Immunoblots indicated significant decreases in desmoglein-2 and desmocollin-2, independent of any known underlying mutations, whereas immune-histochemical analysis showed normal localization of all desmosomal proteins. Quantitative RT-PCR revealed normal DSG2 and DSC2 mRNA transcript levels, suggesting increased protein turn-over rather than transcriptional down regulation.
Reduced cardiac desmoglein-2 and desmocollin-2 levels appear to be specifically associated with ARVD/C, independent of underlying mutations. These findings highlight a key role of desmosomal cadherins in the pathophysiology of ARVD/C. Whether these reductions could be considered as specific markers for ARVD/C requires replication analysis.
Adherens junctions and desmosomes are intercellular adhesive junctions and essential for the morphogenesis, differentiation, and maintenance of tissues that are subjected to high mechanical stress, including heart and skin. The different junction complexes are organized at the termini of the cardiomyocyte called the intercalated disc. Disruption of adhesive integrity via mutations in genes encoding desmosomal proteins causes an inherited heart disease, arrhythmogenic right ventricular cardiomyopathy (ARVC). Besides plakoglobin, which is shared by adherens junctions and desmosomes, other desmosomal components, desmoglein-2, desmocollin-2, plakophilin-2, and desmoplakin are also present in ultrastructurally defined fascia adherens junctions of heart muscle, but not other tissues. This mixed-type of junctional structure is termed hybrid adhering junction or area composita. Desmosomal plakophilin-2 directly interacts with adherens junction protein alphaT-catenin, providing a new molecular link between the cadherin-catenin complex and desmosome. The area composita only exists in the cardiac intercalated disc of mammalian species suggesting that it evolved to strengthen mechanical coupling in the heart of higher vertebrates. The cross-talk among different junctions and their implication in the pathogenesis of ARVC are discussed in this review.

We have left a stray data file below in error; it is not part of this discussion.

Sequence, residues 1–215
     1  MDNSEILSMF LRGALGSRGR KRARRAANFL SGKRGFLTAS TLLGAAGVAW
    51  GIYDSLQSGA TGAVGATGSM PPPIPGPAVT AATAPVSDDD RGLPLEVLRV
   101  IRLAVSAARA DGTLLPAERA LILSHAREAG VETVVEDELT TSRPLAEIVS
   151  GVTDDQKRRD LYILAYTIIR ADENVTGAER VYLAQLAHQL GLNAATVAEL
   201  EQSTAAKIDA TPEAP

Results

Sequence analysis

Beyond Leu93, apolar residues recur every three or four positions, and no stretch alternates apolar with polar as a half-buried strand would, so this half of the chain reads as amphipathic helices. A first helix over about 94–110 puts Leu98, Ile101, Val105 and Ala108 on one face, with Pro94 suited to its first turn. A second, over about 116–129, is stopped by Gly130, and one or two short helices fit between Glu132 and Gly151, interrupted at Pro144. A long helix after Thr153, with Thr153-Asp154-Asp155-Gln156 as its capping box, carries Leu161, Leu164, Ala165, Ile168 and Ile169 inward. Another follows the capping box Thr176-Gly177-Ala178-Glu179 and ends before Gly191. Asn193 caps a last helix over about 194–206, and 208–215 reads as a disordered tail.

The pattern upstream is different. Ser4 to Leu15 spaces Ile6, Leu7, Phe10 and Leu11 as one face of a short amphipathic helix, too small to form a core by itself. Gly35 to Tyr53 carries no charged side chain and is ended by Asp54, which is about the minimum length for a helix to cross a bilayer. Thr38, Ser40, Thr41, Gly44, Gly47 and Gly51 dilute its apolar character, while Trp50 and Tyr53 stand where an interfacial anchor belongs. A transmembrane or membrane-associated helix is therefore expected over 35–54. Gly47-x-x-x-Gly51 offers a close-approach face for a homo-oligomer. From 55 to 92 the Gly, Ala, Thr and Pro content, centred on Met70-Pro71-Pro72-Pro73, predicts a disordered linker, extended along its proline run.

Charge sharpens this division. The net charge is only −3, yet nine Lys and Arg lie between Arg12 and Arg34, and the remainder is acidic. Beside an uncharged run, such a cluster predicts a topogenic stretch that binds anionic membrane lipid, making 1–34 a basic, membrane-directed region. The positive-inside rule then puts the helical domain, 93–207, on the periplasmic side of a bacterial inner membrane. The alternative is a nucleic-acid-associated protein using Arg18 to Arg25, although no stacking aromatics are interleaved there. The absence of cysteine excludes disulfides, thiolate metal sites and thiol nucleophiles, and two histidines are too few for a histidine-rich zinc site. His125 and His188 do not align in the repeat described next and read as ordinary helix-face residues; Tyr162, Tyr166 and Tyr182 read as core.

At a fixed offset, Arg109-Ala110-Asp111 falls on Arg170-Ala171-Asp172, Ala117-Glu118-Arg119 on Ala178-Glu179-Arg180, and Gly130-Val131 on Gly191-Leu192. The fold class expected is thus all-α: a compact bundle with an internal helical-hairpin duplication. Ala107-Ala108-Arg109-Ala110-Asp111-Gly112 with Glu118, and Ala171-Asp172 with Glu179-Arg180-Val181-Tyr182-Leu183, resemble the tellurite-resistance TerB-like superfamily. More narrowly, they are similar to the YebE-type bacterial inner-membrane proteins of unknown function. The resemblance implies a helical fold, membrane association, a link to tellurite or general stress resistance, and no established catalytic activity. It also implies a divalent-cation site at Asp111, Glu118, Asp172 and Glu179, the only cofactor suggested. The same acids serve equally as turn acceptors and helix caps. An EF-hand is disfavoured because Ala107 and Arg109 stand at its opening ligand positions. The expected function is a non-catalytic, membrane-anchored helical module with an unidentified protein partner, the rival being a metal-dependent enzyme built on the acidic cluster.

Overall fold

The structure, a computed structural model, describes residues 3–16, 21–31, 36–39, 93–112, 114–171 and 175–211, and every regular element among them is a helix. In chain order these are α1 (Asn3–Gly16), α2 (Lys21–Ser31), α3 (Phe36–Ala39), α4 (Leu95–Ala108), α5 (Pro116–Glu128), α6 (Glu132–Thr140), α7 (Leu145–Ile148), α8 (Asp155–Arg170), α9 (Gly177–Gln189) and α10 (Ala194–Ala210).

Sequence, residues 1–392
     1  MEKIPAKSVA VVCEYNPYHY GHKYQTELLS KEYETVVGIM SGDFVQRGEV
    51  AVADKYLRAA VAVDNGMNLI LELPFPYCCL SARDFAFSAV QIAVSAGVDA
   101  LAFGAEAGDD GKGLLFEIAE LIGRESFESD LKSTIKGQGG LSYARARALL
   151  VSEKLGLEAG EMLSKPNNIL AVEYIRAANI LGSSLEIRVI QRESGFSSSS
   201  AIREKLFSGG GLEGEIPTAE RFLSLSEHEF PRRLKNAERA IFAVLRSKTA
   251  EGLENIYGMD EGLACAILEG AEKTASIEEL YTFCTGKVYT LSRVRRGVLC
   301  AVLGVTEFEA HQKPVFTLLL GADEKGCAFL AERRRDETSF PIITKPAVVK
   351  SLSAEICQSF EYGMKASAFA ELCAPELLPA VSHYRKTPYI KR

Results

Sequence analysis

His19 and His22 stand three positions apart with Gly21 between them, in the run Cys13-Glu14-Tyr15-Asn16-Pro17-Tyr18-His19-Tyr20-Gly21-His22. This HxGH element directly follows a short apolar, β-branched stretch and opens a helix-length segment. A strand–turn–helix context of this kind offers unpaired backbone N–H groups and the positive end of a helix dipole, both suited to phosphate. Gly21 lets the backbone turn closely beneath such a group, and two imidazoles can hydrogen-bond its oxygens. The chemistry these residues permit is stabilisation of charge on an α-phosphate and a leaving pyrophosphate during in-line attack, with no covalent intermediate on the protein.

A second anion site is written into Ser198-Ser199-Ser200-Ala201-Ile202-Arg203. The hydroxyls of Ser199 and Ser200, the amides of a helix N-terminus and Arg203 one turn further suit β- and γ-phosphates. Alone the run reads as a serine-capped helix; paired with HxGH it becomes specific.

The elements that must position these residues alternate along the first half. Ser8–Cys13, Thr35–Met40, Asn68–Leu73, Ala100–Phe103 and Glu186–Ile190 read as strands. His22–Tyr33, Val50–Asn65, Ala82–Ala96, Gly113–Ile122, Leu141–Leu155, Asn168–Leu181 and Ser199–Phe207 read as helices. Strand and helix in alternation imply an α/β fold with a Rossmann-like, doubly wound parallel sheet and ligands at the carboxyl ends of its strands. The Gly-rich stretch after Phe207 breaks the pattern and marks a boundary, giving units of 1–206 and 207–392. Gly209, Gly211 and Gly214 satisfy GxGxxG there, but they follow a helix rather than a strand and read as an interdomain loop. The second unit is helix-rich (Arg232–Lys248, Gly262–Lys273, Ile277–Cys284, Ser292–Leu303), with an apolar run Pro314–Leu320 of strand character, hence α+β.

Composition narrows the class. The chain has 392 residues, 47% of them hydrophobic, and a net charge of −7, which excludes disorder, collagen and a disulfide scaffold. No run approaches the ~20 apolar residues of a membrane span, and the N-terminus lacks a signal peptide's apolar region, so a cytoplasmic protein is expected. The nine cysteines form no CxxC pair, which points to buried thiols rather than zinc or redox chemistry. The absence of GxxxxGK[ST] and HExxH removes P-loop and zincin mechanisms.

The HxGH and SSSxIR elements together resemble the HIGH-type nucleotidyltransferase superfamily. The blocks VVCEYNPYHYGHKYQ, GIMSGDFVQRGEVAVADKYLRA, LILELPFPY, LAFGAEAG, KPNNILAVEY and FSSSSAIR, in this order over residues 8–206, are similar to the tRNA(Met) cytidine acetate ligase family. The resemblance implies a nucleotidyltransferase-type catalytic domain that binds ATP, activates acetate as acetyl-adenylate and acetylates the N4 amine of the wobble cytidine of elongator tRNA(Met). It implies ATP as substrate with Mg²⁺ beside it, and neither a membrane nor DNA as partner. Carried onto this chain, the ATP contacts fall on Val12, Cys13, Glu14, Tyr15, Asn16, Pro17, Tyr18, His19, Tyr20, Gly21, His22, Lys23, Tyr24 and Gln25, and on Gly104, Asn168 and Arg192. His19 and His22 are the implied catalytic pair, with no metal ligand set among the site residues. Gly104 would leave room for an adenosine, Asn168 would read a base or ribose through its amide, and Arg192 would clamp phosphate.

Mutations in the plakoglobin (JUP) gene have been identified in arrhythmogenic right ventricular cardiomyopathy (ARVC) patients. However, the mechanisms underlying plakoglobin dysfunction involved in the pathogenesis of ARVC remain poorly understood. Plakoglobin is a component of both desmosomes and adherens junctions located at the intercalated disc (ICD) of cardiomyocytes, where it functions to link cadherins to the cytoskeleton. In addition, plakoglobin functions as a signaling protein via its ability to modulate the Wnt/β-catenin signaling pathway. To investigate the role of plakoglobin in ARVC, we generated an inducible cardiorestricted knockout (CKO) of the plakoglobin gene in mice. Plakoglobin CKO mice exhibited progressive loss of cardiac myocytes, extensive inflammatory infiltration, fibrous tissue replacement, and cardiac dysfunction similar to those of ARVC patients. Desmosomal proteins from the ICD were decreased, consistent with altered desmosome ultrastructure in plakoglobin CKO hearts. Despite gap junction remodeling, plakoglobin CKO hearts were refractory to induced arrhythmias. Ablation of plakoglobin caused increase β-catenin stabilization associated with activated AKT and inhibition of glycogen synthase kinase 3β. Finally, β-catenin/TCF transcriptional activity may contribute to the cardiac hypertrophy response in plakoglobin CKO mice. This novel model of ARVC demonstrates for the first time how plakoglobin affects β-catenin activity in the heart and its implications for disease pathogenesis.
Arrhythmogenic cardiomyopathy (AC) is tightly associated with desmosomal mutations in the majority of patients. Arrhythmogenesis in AC patients is likely related to remodeling of cardiac gap junctions and increased levels of fibrosis. Recently, using experimental models, we also identified sodium channel dysfunction secondary to desmosomal dysfunction. The aim of the present study was to assess the immunoreactive signal levels of the sodium channel protein NaV1.5, as well as Connexin43 and Plakoglobin, in myocardial specimens obtained from AC patients.
Left and right ventricular free wall (LVFW/RVFW) post-mortem material was obtained from 5 AC patients and 5 age and sex-matched controls. RV septal biopsies (RVSB) were taken from another 15 AC patients. All patients fulfilled the 2010 revised Task Force Criteria for AC diagnosis. Immunohistochemical analyses were performed using antibodies against Connexin43 (Cx43), Plakoglobin, NaV1.5, Plakophilin-2 and N-Cadherin.